Chinese Deluge U.S. Master’s Programs

Melissa Korn, Wall Street Journal, April 3, 2013

When the business school at the University of California, Davis, started its master’s program in accounting last year, administrators expected to attract aspiring accountants from nearby colleges.

What they got instead was a wave of interest from overseas: Roughly two-thirds of the 189 applications received for last fall’s entering class came from Chinese citizens.


Davis has plenty of company. Specialized master’s degrees in accounting, finance and other disciplines—generally aimed at students just out of college and lasting one year—have found tremendous popularity in recent years among Chinese nationals seeking a competitive edge and U.S. experience.

Such demand has provided steady revenues for business schools at a time when traditional M.B.A. programs are losing their appeal among U.S. students. But the uneven applicant pool has left many schools weighing financial goals against uninspiring classroom experiences for both Chinese and local students and worrying about weak job-placement rates.

Like companies, business schools “have to change with the times and go where the market is,” says Anurag Gupta, chair of the banking and finance department at Case Western Reserve University’s Weatherhead School of Management.

More than 85% of applicants to Weatherhead’s current Finance master’s program came from China, and more than 80% of the 58-student class is Chinese. {snip}


Nearly 60,000 Chinese citizens took the Graduate Management Admission Test in the 2011-2012 testing year, about triple the number in 2007-2008. In the latest year, 78% of those score reports were sent to U.S. programs, while 64% went to specialized master’s degrees world-wide.


Eleven of the 12 current finance master’s students at Loyola University Chicago’s Quinlan School of Business are international, with eight from China. That has challenged instructors, students and administrators.

“It changes the dynamic when there’s a group of students who have something in common that other students don’t share,” says Dean Kathleen A. Getz. “It can create some sense that there are two different groups being taught.”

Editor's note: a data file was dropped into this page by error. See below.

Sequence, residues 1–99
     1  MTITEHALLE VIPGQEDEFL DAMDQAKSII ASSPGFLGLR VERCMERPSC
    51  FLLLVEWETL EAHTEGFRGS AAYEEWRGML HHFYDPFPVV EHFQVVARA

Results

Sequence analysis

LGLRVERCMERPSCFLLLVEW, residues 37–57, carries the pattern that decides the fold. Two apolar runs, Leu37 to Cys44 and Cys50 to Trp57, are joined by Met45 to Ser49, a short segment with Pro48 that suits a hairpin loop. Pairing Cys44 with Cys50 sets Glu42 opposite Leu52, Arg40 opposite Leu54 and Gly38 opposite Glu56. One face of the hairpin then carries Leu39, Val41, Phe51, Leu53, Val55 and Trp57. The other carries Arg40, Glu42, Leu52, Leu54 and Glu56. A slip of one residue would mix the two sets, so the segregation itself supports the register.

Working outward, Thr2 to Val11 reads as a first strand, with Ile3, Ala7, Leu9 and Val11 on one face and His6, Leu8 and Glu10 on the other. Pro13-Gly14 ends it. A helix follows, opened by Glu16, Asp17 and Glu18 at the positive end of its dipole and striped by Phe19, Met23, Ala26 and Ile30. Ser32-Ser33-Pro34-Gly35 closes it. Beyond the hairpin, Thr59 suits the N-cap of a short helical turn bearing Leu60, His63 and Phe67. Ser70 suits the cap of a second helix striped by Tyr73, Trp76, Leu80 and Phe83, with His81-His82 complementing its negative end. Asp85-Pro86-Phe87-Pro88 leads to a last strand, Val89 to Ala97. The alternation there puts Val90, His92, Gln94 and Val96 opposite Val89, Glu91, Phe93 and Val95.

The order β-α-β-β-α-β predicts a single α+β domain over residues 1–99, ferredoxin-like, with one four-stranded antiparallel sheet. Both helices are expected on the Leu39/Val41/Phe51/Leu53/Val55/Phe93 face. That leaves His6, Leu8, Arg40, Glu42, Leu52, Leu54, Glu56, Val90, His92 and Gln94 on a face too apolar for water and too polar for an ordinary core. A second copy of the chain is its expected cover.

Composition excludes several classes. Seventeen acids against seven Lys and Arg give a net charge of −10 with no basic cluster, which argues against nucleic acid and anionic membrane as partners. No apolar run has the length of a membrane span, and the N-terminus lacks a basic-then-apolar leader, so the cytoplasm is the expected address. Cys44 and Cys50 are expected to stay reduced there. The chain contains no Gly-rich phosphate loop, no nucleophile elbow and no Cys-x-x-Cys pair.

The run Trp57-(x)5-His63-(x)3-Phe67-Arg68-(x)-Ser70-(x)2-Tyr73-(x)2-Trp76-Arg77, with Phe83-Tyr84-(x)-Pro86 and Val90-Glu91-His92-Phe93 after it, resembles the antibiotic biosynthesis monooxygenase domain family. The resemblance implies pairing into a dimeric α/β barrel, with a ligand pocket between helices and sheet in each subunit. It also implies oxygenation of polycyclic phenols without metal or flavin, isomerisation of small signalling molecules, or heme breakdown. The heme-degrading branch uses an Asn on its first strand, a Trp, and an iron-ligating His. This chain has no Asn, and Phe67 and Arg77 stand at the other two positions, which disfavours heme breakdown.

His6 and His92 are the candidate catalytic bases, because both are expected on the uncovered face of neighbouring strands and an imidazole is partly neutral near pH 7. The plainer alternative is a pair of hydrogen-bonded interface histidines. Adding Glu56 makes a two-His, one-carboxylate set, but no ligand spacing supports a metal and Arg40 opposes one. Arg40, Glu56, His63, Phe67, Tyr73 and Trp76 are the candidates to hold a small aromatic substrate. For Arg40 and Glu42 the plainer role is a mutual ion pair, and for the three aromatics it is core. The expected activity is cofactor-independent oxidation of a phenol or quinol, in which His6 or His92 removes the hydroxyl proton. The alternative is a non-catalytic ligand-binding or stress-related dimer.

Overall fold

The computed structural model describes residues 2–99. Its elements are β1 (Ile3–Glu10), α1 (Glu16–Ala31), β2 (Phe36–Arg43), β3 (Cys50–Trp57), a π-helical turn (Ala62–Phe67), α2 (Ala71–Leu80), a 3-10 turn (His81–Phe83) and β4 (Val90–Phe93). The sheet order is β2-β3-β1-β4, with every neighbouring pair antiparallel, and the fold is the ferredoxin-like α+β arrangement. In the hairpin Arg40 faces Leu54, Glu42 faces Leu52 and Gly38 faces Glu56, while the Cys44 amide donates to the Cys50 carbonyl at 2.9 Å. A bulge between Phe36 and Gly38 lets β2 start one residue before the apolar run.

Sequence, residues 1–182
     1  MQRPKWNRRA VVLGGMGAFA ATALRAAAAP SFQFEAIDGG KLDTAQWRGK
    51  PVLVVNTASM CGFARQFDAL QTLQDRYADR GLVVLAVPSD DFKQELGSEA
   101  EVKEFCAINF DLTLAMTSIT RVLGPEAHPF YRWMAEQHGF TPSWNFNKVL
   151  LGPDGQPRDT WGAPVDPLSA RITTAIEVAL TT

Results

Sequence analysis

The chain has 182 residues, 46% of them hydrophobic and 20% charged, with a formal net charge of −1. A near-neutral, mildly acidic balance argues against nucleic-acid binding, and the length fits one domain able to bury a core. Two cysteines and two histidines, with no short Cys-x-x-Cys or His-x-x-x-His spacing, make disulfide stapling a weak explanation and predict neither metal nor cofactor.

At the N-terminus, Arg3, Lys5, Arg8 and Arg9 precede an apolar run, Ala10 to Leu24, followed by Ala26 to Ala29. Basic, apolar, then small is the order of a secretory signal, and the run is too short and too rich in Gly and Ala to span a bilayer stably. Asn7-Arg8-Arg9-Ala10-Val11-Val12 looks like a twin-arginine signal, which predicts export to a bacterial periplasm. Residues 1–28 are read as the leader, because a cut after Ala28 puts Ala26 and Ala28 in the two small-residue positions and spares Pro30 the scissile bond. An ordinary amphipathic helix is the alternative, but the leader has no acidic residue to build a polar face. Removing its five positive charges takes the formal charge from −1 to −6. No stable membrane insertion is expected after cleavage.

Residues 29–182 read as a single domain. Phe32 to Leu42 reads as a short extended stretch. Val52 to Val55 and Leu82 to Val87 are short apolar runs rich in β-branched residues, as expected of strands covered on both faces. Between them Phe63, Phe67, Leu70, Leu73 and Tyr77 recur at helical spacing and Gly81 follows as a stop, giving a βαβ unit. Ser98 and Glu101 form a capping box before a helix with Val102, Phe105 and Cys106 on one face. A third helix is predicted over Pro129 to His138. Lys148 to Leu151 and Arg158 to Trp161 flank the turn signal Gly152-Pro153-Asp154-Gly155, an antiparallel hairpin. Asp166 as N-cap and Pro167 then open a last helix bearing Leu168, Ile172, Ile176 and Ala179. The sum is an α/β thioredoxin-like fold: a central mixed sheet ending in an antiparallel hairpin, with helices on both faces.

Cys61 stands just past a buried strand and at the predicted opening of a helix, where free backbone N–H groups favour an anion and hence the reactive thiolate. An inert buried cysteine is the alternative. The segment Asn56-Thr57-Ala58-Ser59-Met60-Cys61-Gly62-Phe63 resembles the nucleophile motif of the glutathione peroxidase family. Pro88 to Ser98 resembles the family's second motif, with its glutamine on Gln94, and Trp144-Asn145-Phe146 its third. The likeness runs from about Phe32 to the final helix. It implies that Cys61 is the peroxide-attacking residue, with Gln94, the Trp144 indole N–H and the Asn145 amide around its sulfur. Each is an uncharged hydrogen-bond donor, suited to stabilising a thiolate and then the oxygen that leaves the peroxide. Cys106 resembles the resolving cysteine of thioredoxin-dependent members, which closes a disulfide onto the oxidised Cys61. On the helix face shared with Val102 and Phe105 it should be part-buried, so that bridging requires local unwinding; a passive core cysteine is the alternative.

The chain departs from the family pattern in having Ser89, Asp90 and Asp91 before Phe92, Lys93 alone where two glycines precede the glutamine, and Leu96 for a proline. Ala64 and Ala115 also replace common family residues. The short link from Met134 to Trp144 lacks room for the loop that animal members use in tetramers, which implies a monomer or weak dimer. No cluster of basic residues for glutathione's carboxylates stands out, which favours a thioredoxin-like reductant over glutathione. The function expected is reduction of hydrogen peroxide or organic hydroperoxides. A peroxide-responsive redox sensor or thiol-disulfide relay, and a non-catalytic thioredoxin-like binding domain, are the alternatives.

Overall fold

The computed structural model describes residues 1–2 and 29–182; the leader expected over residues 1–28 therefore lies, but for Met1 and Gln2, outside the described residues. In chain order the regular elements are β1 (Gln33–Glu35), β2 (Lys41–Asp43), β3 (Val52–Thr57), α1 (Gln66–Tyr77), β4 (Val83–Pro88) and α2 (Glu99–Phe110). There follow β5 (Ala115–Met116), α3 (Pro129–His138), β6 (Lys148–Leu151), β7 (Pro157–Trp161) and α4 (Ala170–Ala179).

Karla Savina, one of three Americans in her 57-person class in the Applied Finance program at Pepperdine University’s business school, says she has learned about Chinese culture, and adds that her hardworking classmates have pushed her academically. But their unfamiliarity with American-style classroom discussion means Ms. Savina, 36, doesn’t “get the communication that I would like within the classroom.”

Application volume for the master’s in Applied Finance program has soared in recent years, fueled almost entirely by increases from China. The Graziadio School of Business and Management received 158 applications for the class that started in fall 2009—126 of which were from China—and received 497 for the class that started last fall, with 471 from China.


But some schools fear that becoming a darling of Chinese students—or students from any single country—may irk local and foreign students.

The business schools at University of Notre Dame, Indiana University and MIT are looking to their parent universities’ undergraduates to help diversify their master’s of science classes. {snip}

Applicants from abroad are “asking a lot about class makeup,” says Marci Armstrong, associate dean of graduate programs at Southern Methodist University’s Cox School of Business. “They’re seeking to be around American students. They really don’t want to be in a class where everyone around them is from their home country.”



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